5 ways to reduce your Alzheimer’s risk


Globally, around 50 million people suffer from dementia, with close to 10 million new cases being diagnosed each year. And while many accept this devastating disease as an inevitable part of growing older, this simply isn’t the case. More and more, research is pointing to the fact that the way we live has a significant effect on whether we are at risk of developing the disease.   

What is Alzheimer’s? 
Alzheimer’s disease is the most common form of dementia, which the World Health Organization defines as, “a syndrome – usually of a chronic or progressive nature – in which there is deterioration in cognitive function (i.e. the ability to process thought) beyond what might be expected from normal ageing.” Alzheimer’s is thought to account for roughly 60%–70% of all dementia cases.

Alzheimer’s symptoms

The World Health Organization identifies three clear stages in the development of the disease.

Early stage: the early stage of dementia is often overlooked because the onset is gradual. Common symptoms include:

  • forgetfulness
  • losing track of the time 
  • becoming lost in familiar places.

Middle stage: as dementia progresses to the middle stage, the signs and symptoms become clearer and more restricting. These include:

  • becoming forgetful of recent events and people’s names
  • becoming lost at home
  • having increasing difficulty with communication
  • needing help with personal care
  • experiencing behaviour changes, including wandering and repeated questioning.

Late stage: the late stage of dementia is one of near total dependence and inactivity. Memory disturbances are serious and the physical signs and symptoms become more obvious. Symptoms include:

  • becoming unaware of the time and place
  • having difficulty recognizing relatives and friends
  • having an increasing need for assisted self-care
  • having difficulty walking
  • experiencing behaviour changes that may escalate and include aggression.

Source: https://www.who.int/news-room/fact-sheets/detail/dementia

So, what can you do to reduce your risk of developing the disease? While a very small percentage of people are guaranteed to develop Alzheimer’s as a result of genetic mutations, there is growing evidence to suggest that in general, implementing healthy habits may help to lower your risk. Alzheimer’s Disease International offers these five strategies.

  1. Look after your heart
  2. Be physically active
  3. Follow a healthy diet
  4. Challenge your brain
  5. Enjoy social activity

Let’s take a look at each of these in more detail.

1. Look after your heart

Research conducted post-mortem has shown that as many as 80 percent of people who suffer from Alzheimer’s disease also have cardiovascular disease. What’s more, according to The Alzheimer’s Association, “Evidence shows that risk factors for cardiovascular disease and stroke — obesity, high blood pressure and diabetes — negatively impact your cognitive health.” It’s clear that taking care of your heart is critical when it comes to reducing your risk for Alzheimer’s, so make heart health a priority.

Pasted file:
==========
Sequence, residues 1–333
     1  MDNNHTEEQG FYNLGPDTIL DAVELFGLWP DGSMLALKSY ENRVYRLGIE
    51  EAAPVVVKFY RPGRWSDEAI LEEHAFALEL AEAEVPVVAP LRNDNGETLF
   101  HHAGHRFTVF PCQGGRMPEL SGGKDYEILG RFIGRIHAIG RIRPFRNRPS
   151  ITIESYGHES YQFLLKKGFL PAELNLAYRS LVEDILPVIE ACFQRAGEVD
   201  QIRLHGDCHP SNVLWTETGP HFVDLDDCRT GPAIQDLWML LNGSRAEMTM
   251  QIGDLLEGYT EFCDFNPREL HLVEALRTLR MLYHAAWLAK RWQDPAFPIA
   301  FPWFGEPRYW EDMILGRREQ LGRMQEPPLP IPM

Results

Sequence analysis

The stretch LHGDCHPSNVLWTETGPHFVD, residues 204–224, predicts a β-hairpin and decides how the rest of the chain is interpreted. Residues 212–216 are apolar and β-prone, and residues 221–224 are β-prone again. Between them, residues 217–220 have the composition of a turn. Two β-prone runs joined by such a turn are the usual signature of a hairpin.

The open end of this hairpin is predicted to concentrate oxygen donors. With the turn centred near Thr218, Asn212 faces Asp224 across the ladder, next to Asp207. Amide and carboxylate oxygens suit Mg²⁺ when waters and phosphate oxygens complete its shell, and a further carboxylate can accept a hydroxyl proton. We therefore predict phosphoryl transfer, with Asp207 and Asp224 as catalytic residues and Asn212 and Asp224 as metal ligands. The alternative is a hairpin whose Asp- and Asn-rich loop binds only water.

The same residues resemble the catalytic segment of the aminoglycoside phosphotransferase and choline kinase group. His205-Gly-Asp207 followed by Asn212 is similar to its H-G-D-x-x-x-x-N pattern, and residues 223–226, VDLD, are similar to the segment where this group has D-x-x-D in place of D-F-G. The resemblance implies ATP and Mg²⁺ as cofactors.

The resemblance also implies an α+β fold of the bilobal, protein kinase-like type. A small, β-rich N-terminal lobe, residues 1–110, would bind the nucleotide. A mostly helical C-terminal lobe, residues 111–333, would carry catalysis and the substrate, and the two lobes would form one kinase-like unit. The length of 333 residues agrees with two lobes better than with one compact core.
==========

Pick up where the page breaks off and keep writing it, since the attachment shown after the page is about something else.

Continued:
2. Be physically active

The Alzheimer’s Association recommends that you “engage in regular cardiovascular exercise that elevates your heart rate and increases blood flow to the brain and body.” How regular is regular? The generally accepted rule is 30 minutes of moderate intensity activity every day. At Evergreen, we appreciate the importance of staying physically and mentally healthy in retirement, and encourage active aging through the wide range of healthy activities on offer in our villages.

3. Follow a healthy diet

There’s an overabundance of information out there right now relating to nutrition and eating plans. As far as reducing your risk of Alzheimer’s is concerned, Dr Gad Marshall, associate medical director of clinical trials at the Center for Alzheimer Research and Treatment at Harvard-affiliated Brigham and Women’s Hospital, says in this article that following a Mediterranean diet “has been shown to help thwart Alzheimer’s or slow its progression. A recent study showed that even partial adherence to such a diet is better than nothing, which is relevant to people who may find it difficult to fully adhere to a new diet.” And if you’re wondering what constitutes a Mediterranean diet, it’s largely plant-based, includes healthy fats like olive oil and nuts, wholegrains, plenty of fish (especially fatty fish like salmon, mackerel and sardines), and advocates moderate consumption of dairy, poultry, eggs and red wine and very little red meat.

4. Challenge your brain

Keeping your brain busy and healthy is always important – and even more so if you’re actively trying to reduce your risk of developing Alzheimer’s as there is limited research that suggests a link between the two. Card games like bridge, canasta and cribbage are great ways to give your brain a boost, as are puzzles, crosswords, Sudoku and board games.

5. Enjoy social activity

There is some evidence to suggest that connecting and engaging with others helps to reduce the risk of developing Alzheimer’s. So, make plans to see friends and family and, if you’re a resident at an Evergreen Lifestyle village, take advantage of our Lifestyle Centres to connect with other residents over a game of cards or by joining one of the many hobby and interest groups that meet regularly.